Scorpion and AstraZeneca Strike $1.5B Deal Against Hard-to-Treat Proteins
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Scorpion Therapeutics and AstraZeneca have partnered to develop precision medicines against previously hard-to-target cancer proteins. The companies believe the collaboration, valued at more than $1.5 billion, for up to three small molecule therapeutics has the potential to transform oncology treatments.
The collaboration will leverage Scorpion’s integrated Precision Oncology 2.0 drug-hunting engine to discover and develop these small molecules against well-validated transcription factors. Boston-based Scorpion, which was named one of BioSpace’s NextGen Class of 2022 companies to watch, and AstraZeneca will focus on a class of proteins called transcription factors. These proteins control gene expression and are able to regulate important cellular processes, which include cell growth and survival.
Scorpion noted that transcription factors are well known as important targets for new cancer treatments and drivers of disease. Scorpion’s therapeutic approach takes aim at non-enzymatic targets thought to be “undruggable.”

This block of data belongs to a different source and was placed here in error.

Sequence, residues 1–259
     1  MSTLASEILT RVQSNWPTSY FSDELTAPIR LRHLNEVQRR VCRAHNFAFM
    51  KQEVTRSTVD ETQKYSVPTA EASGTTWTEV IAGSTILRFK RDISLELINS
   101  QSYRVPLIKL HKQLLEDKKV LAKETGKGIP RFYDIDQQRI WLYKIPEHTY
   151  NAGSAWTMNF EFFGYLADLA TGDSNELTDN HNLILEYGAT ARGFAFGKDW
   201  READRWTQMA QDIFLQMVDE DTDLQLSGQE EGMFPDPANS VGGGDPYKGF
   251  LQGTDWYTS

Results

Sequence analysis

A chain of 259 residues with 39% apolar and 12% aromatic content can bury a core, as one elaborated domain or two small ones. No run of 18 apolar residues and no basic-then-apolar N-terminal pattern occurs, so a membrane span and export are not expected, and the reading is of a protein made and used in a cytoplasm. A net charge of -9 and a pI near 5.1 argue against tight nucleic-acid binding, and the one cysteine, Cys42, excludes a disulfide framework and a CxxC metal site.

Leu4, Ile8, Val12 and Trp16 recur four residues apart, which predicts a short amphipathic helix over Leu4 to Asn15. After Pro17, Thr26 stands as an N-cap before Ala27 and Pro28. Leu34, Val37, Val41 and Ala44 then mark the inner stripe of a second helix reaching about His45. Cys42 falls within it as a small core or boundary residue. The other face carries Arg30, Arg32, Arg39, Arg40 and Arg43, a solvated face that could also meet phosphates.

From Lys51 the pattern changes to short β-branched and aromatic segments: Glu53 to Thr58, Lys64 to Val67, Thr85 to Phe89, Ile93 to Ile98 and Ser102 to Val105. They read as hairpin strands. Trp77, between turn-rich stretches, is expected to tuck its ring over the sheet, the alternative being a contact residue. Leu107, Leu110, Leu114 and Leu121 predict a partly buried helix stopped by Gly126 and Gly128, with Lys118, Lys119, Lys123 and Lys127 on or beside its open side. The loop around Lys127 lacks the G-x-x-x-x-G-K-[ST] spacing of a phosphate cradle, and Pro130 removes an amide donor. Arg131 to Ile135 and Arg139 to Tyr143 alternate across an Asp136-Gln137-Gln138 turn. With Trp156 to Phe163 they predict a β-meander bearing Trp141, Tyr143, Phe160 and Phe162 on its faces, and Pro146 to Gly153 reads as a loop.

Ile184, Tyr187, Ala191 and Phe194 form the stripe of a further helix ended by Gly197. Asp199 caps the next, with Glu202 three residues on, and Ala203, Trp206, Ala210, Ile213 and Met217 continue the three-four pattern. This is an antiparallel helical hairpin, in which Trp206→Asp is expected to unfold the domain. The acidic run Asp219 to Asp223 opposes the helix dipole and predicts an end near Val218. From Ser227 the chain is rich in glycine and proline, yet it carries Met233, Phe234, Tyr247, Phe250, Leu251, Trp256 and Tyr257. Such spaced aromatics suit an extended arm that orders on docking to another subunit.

In the announcement, Scorpion did not indicate what areas of oncology the collaboration would focus on.
Axel Hoos, chief executive officer of Scorpion and former head of oncology at GlaxoSmithKline, expressed excitement about the collaboration. Hoos said the U.K. pharma giant’s experience in drug development and commercialization complements Scorpion’s discovery platform.
“We expect this collaboration will accelerate Scorpion’s efforts to deliver the promise of Precision Oncology 2.0: optimized, transformational therapies for more patients living with cancer,” Hoos said in a statement.
Per the collaboration agreement, Scorpion will lead discovery and certain preclinical activities. AstraZeneca will then have the option to license rights for up to three drug candidates. If the larger company exercises that option, AstraZeneca will then be responsible for global development and commercialization activities.
“Unlocking potentially transformative biology is pivotal for delivering the next wave of cancer treatments. Scorpion’s innovative platform is a strong strategic fit as we explore a range of new modalities across our broad drug discovery toolbox with promise to disrupt the activity of these highly-validated cancer targets,” Sara Galbraith, head of oncology R&D at AstraZeneca said in a statement.
Financial terms of the deal include an upfront cash payment of $75 million to Scorpion Therapeutics. The company will then be eligible to receive up to an additional $1.5 billion in milestone payments and fees. Scorpion will also be eligible for potential royalties on any asset commercialized from the deal.
Scorpion launched in late 2020 with $108 million from a Series A financing round. The company followed that up with an additional $162 million in a Series B round in early 2021.